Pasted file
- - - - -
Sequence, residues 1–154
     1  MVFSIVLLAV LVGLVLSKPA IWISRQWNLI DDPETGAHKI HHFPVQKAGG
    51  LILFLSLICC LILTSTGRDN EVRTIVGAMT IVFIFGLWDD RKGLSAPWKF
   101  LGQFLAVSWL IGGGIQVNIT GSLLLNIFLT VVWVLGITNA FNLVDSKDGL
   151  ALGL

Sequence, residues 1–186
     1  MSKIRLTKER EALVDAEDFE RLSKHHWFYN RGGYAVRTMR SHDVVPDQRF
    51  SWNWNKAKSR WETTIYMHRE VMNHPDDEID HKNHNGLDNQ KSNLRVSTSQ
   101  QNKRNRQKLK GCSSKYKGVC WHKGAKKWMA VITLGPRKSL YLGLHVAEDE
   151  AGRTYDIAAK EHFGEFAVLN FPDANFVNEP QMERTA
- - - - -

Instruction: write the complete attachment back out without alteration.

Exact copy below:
Sequence, residues 1–154
     1  MVFSIVLLAV LVGLVLSKPA IWISRQWNLI DDPETGAHKI HHFPVQKAGG
    51  LILFLSLICC LILTSTGRDN EVRTIVGAMT IVFIFGLWDD RKGLSAPWKF
   101  LGQFLAVSWL IGGGIQVNIT GSLLLNIFLT VVWVLGITNA FNLVDSKDGL
   151  ALGL

Sequence, residues 1–186
     1  MSKIRLTKER EALVDAEDFE RLSKHHWFYN RGGYAVRTMR SHDVVPDQRF
    51  SWNWNKAKSR WETTIYMHRE VMNHPDDEID HKNHNGLDNQ KSNLRVSTSQ
   101  QNKRNRQKLK GCSSKYKGVC WHKGAKKWMA VITLGPRKSL YLGLHVAEDE
   151  AGRTYDIAAK EHFGEFAVLN FPDANFVNEP QMERTA